An article with the above title posted on the Investor’s Business Daily website last week and it’s a shame it will probably be ignored here in Illinois. This is the home, after all, of several bloated public institutions of “higher” education. Unfortunately, it is still considered politically incorrect to suggest anything that might bring serious control of their spending of our tax dollars.
The author of the article, Jay Schalin, is the senior researcher and writer at the John William Pope Center for Higher Education Policy in Raleigh, N.C. We’ve noted the Pope Center previously.
As we all know, Illinois is a fiscal disaster that should be cutting government in nearly every direction – even government that hides in ivory towers. What follows is an extended excerpt from Mr. Schalin’s article.
“Public higher education was on a roll for decades. But its rapid growth came to a halt two years ago, thanks to shrunken state revenues caused by the recession.
At first, federal stimulus money and enormous tuition increases – 34% in California and 23% in North Carolina – encouraged business as usual. When reality started to set in, administrators went after the fat, such as excessive administrative staff and unfilled faculty positions.
Public officials and university administrators were hoping that the economy would soon rebound, enabling higher education to resume its growth path. But the economy is still moribund, and more budget cuts are needed…
[T]he spirit of innovation has come to life. Some states are considering the partial privatization of certain flagship campuses. Such schools would replace tax-funded appropriations with higher tuitions and would receive greater autonomy in return…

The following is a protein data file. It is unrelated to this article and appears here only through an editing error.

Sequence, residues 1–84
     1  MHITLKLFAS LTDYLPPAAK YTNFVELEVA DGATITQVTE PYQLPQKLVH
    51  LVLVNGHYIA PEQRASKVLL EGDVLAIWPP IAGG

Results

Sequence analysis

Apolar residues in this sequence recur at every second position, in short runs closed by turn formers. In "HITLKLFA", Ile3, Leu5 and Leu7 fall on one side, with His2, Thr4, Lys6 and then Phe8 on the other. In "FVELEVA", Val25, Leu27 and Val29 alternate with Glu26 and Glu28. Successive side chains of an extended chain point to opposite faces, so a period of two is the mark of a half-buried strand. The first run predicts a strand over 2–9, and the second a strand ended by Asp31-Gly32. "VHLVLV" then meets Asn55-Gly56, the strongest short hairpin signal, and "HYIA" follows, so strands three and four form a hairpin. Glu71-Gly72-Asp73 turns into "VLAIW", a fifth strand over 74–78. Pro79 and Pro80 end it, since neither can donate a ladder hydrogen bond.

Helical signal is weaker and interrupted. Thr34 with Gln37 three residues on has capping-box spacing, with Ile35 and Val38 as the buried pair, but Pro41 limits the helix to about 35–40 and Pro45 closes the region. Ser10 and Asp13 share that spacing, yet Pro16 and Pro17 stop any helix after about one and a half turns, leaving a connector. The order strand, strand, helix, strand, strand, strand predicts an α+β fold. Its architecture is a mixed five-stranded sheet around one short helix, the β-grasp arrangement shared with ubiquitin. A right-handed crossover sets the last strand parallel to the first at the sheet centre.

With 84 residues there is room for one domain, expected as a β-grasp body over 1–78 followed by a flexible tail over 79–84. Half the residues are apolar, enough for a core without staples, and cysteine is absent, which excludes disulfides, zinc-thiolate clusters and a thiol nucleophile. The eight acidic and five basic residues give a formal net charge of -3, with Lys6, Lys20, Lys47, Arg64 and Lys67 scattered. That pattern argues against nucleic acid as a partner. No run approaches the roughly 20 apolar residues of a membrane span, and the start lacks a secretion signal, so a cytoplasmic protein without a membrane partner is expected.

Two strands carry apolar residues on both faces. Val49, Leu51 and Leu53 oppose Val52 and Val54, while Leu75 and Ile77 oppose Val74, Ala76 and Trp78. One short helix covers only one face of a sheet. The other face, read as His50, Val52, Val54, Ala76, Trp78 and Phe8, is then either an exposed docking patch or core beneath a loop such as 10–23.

In Utah, a Republican House member has introduced legislation that would end one of academia’s most sacrosanct traditions: faculty tenure. This may be the first time a state has tried to end the practice legislatively…
No matter who is in charge, we are going to see a frenzy of activity, including faculty layoffs and the elimination of programs. As faculty layoffs mount, an already tough employment market for professors, particularly in the humanities and social sciences, will become dreadful.
Star professors may be available for much less money and fewer perks than before. Schools may choose to employ teaching specialists over traditional, tenure-track, research-oriented academics who teach only a couple of classes per semester.
But none of these things fundamentally changes the institution of higher education. For [states that have] Republican majorities, the budget deficits afford an opportunity to add by subtracting
By wielding the budget ax strategically, they could remake America’s university systems to better serve the needs of the nation.”